Here at The Hollywood Gossip, we generally pride ourselves on bringing you the very latest celebrity gossip.
But today, we're diving deep into Tinseltown history to explore new revelations relating to a scandal that unfolded well before most of our readers were born.
In August of 1962, Marilyn Monroe -- arguably the most famous woman on the planet at the time -- died from an overdose of alcohol and barbiturates.
She was just 36 years old.
So as not to be morbid, we won't go so far as to draw parallels between Marilyn and specific stars of today, but suffice it to say, if you can imagine any of 2022's most towering public figures passing away unexpectedly in their prime, then you can begin to fathom the shock and horror that overwhelmed millions in the wake of Marilyn's passing.
Of course, that only begins to give you a sense of the national mourning that took place that summer.
Celebrities were far fewer in those days, and they loomed even larger in the public's collective imagination.
But that's just one reason that Monroe's tragic demise is still being discussed and dissected all these decades later.
The circumstances surrounding the death have left a lot of unanswered questions.
Marilyn's romantic entanglements with some of the most famous and powerful men of her era have led to rumors of a cover-up and claims that her death was not entirely accidental, as investigators initially claimed.
Now, a new Netflix documentary entitled The Mystery of Marilyn Monroe: The Unheard Tapes is offering what the filmmakers claim is bombshell new information about the late screen legend's final days.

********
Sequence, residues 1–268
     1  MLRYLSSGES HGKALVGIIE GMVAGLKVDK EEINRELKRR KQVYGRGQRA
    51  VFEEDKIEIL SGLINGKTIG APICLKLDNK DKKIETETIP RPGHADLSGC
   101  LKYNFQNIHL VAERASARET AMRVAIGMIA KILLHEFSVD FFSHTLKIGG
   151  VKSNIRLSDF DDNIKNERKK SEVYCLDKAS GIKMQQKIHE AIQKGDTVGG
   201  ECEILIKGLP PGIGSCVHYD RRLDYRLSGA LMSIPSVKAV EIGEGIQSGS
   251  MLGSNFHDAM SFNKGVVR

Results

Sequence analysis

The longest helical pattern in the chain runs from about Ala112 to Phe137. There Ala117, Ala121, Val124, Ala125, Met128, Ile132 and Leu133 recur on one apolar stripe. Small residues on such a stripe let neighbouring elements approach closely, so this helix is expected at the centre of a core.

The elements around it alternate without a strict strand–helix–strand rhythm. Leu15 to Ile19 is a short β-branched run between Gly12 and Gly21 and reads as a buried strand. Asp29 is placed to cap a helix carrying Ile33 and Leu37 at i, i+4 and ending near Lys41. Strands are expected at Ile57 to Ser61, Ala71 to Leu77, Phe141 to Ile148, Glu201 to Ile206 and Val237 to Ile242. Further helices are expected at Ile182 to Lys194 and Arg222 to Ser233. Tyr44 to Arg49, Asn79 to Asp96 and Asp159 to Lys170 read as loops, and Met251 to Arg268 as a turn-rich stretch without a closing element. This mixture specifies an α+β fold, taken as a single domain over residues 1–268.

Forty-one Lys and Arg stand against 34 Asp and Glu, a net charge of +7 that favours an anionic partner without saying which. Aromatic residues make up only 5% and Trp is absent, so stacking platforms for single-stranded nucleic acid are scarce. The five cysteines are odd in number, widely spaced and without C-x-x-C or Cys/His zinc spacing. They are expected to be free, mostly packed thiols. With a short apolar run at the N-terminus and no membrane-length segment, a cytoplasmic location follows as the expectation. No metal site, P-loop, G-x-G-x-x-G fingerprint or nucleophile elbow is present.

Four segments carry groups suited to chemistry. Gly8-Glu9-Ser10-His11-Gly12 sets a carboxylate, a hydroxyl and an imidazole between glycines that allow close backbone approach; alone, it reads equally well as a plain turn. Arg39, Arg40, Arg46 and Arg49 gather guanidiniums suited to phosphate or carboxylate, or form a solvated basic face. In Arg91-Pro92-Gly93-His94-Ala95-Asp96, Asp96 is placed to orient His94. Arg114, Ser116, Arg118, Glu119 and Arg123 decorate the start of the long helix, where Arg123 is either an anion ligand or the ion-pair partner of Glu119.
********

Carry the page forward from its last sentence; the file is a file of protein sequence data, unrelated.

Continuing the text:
The doc reiterates the claim that Marilyn passed away just hours after an intense argument with Robert F. Kennedy -- the brother of JFK, who was then serving as US attorney general.
From there, the film presents witnesses who allege that Monroe did not pass away at her LA home, as has been the accepted narrative for the past 60 years.
“No, she wasn’t [dead at home],” says former Los Angeles ambulance company owner Walter Schaefer, according to the New York Post.
Schaefer says that when one of his drivers picked Monroe up, she was comatose but still alive.
He alleges that she passed away en route to the hospital, and was then returned to her home for reasons that remain unclear.
That version of events is corroborated by author John Sherlock, who claims that Monroe's final psychiatrist, Dr. Ralph Greenson, informed him that the actress was alive when paramedics arrived at her home.
“She died in the ambulance,” Sherlock says in the film.
“Then they took her back to the house. [Greenson] told me he was in the ambulance.”
The documentary also features commentary from Anthony Summers, a journalist who has been investigating Monroe's passing for nearly 40 years.
“What I learned was information that changed completely what we thought we knew about her mysterious death,” says Summers, who serves as the film's narrator.
“And suggests that the circumstances of her dying were covered up.”
Summers -- who is the author of a 1985 book entitled Goddess: The Secret Lives of Marilyn Monroe -- alleges that both Kennedy brothers ended their affairs with Monroe in 1962 as the events of the Cold War came to present an existential threat to the American way of life.
The journalist stops short of claiming that Monroe was murdered, insisting that despite the murkiness surrounding her death, her passing does not seem to be the result of foul play.
“I did not find out anything that convinced me that she had been deliberately killed,” he says in the film.
Summers notes, however, that suspicious events -- such as Robert Kennedy's efforts to hide the fact that he was in Los Angeles on the day of Monroe's death -- suggest that some sort of cover-up took place.
“The tapes I’ve accumulated while writing the book have never been heard by the public,” says Summers.
“What the evidence suggests is that [the circumstances around her death were] covered up because of her connection with the Kennedy brothers.”
The Mystery of Marilyn Monroe: The Unheard Tapes will be available for streaming on Wednesday, April 27.